• These are exactly the types of issues that made me ask the question in the first place. – M. Dudley May 17 '11 at 22:17
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    Who would distribute a project that requires an IDE to build? And people don't distribute in SCMs usually. Its more like wget, tar xfz, ./configure, make, su -c 'make install'... – alternative May 17 '11 at 23:38
  • Fair points, mathepic. And more modern SCM hosts (like GitHub) will let you download a zipped copy of the latest version anyway. – Phil Cohen May 18 '11 at 4:20
  • @mathepic: Windows developers, that's who. – Stuart P. Bentley May 18 '11 at 17:12
  • @Stuart VS projects are just msbuild files. No IDE needed. – alternative May 18 '11 at 19:52

Creators of applications written in a Write Once Compile Anywhere environment (C, C++, etc) benefit from pushing the compilation step down to distributors (apt, rpm, yum, etc) that create and package binaries for popular architectures. This achieves a maximally portable application with less effort on the part of the creators and allows them to spend more time focusing on their core competency (developing the application, not compiling and hosting it for multiple architectures). Some WOCA application creators are willing to pay the extra cost in special cases like Windows because – well – no one else will, the users expect it, and they don't want to give up the market.

On the other hand, applications written in a Write Once Run Anywhere environment (Java) or for a specific target architecture (OS X applications, for instance) are able to provide a single binary and often do so since they only have to pay the compilation cost once.

Finally, their users are typically comfortable either building from source or using their OS package manager, so this model provides better usability as well. Users know where to get binaries (their package manager), have a consistent installation and package management lifecycle experience, and know where to acquire the source should they need it.

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    One problem with write-once-run-anywhere is that the virtual machine is a program in its own right, from the point of view of the O/S. For example, most Windows firewalls allow you to grant/deny access to networks on an app-by-app basis. But most of them can't tell one Java app from another - they grant/deny access to the JVM, but if you have one Java app that acts as an internet server (Azureus, perhaps) then the firewall will not block any unknown rogue Java application from acting as a server. If there's a Java-specific solution, I'm an example of a Java user who doesn't know about it. – Steve314 May 17 '11 at 22:21
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    @Steve I'm not disagreeing with you per se but I don't really see how the pros/cons of WOCA or WORA are relevant to this question. – Rein Henrichs May 17 '11 at 22:40
  • tangential, true, but in a question that's already a bit of a Linux vs. Windows etc religious war, maybe one of the lesser crimes. BTW - I did +1 your answer as useful. – Steve314 May 17 '11 at 22:54
  • Yay religious war! I'll get the tar, you get the feathers? – Rein Henrichs May 17 '11 at 23:25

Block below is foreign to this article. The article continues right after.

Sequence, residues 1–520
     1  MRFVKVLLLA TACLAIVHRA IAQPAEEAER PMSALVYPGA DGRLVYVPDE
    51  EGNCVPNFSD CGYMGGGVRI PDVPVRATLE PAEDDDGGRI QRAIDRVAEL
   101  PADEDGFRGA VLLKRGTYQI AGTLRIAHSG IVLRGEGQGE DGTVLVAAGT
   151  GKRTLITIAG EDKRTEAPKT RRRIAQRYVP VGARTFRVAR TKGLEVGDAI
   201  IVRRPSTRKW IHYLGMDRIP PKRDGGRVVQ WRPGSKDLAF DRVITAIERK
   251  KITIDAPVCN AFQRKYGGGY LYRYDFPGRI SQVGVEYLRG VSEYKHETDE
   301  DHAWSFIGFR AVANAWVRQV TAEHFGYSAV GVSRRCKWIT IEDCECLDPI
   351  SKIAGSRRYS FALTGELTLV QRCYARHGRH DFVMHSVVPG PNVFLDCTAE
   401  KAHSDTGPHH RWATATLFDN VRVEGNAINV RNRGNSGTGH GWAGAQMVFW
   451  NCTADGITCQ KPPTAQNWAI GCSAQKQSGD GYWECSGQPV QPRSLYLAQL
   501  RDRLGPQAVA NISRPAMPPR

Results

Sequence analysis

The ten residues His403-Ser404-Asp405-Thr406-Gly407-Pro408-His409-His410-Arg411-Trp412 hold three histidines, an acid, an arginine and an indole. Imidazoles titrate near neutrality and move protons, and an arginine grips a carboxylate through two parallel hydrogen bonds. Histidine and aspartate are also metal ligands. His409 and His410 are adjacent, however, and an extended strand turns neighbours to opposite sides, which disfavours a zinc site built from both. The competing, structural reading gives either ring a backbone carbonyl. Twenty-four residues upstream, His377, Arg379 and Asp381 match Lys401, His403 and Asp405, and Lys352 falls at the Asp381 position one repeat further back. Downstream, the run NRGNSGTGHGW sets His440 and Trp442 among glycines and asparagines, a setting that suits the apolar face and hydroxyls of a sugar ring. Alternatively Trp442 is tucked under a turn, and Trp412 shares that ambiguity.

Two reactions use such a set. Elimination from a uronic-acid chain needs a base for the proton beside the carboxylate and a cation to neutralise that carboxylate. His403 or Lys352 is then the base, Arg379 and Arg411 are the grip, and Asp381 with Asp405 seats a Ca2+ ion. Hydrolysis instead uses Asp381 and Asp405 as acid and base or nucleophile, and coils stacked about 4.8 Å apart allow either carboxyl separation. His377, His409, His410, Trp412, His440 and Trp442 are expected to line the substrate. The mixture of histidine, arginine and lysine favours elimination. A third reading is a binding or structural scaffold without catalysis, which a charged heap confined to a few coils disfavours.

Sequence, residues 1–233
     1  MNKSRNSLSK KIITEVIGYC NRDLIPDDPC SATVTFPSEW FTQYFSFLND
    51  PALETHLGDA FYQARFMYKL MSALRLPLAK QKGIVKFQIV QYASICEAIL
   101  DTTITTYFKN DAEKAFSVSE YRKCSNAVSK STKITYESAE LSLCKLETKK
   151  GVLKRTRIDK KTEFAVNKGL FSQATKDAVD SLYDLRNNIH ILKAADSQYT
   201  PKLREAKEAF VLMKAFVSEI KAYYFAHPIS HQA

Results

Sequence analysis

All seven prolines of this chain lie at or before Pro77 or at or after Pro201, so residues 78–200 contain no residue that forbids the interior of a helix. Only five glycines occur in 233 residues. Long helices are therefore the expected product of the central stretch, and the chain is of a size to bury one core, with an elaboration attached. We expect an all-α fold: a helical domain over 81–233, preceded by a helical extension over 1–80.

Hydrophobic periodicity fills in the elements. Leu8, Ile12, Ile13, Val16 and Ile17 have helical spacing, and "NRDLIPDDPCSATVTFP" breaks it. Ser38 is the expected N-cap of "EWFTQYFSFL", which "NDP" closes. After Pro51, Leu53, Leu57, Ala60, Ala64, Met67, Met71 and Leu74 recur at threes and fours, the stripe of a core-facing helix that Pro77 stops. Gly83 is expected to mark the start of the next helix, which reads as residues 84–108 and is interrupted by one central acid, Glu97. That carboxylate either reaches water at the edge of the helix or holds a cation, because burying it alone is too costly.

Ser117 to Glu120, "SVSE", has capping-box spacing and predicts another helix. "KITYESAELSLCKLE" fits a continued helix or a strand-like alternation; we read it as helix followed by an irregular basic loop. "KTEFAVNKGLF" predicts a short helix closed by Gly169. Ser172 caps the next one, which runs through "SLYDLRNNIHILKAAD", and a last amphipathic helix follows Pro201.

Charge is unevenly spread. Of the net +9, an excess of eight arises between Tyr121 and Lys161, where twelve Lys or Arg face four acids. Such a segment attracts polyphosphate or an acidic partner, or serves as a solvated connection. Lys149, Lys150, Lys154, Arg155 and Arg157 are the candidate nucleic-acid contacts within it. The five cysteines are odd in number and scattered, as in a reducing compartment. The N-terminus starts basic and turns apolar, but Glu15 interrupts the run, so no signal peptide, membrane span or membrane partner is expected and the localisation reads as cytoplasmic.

Why would I want to chew up bandwidth providing you with a build (which can obviously be very large) rather than you building the source which I'm providing you with anyway? Not to mention that building a project on your own machine will always yield better results as it's compiled specifically for your platform..

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    +1 - but I doubt "always" (depends on what platform you're using), and those benefits can come at some cost to the user - needing a compiler, needing to know how to use it, needing to know how to build that specific project, needing to spend time investigating and reporting the wierd bugs that turn up only on your particular platform, etc. – Steve314 May 17 '11 at 18:54
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    @steve314: +1, all true points :) – Demian Brecht May 17 '11 at 18:57
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    A few binary files are usually not that big. And the time cost to the user is usually really large. Finding all dependencies and figuring out how to build that specific project takes quite a lot of time. Even if your user happens to be a programmer. If the user is no programmer he can pretty much forget about your product. And I think the performance argument is way overrated. Usually you don't need that last percent of performance, and if you do then you can still figure out how to build from source. – CodesInChaos May 17 '11 at 19:05
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    @codeinchaos: That's entirely relative to the project (size). A build could be encompass a single binary, or several hundreds of MBs (if not more) in binaries and non-compiled assets (think games). Of course, sometimes nailing down dependencies can be a bit of a pain, but that's up to the author of the package to either provide a list, or a build-time mechanism of downloading/building dependencies (FreeBSD's ports collection is great for that). Projects directed at non-programmers will almost always have a binary/installer list maintained somewhere. – Demian Brecht May 17 '11 at 19:11
  • Thing is, many open source projects aren't "products" in the usual sense. Since open source is about allowing contributions in various forms, having other people provide binaries that know how to do it and have the time to maintain them seems like a good idea. – phaylon May 17 '11 at 19:11